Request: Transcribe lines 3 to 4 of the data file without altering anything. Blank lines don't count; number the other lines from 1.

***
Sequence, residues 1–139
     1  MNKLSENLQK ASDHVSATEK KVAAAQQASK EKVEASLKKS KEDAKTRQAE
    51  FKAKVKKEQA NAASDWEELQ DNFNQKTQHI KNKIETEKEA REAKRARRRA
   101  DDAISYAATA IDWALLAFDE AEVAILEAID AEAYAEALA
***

    51  FKAKVKKEQA NAASDWEELQ DNFNQKTQHI KNKIETEKEA REAKRARRRA
   101  DDAISYAATA IDWALLAFDE AEVAILEAID AEAYAEALA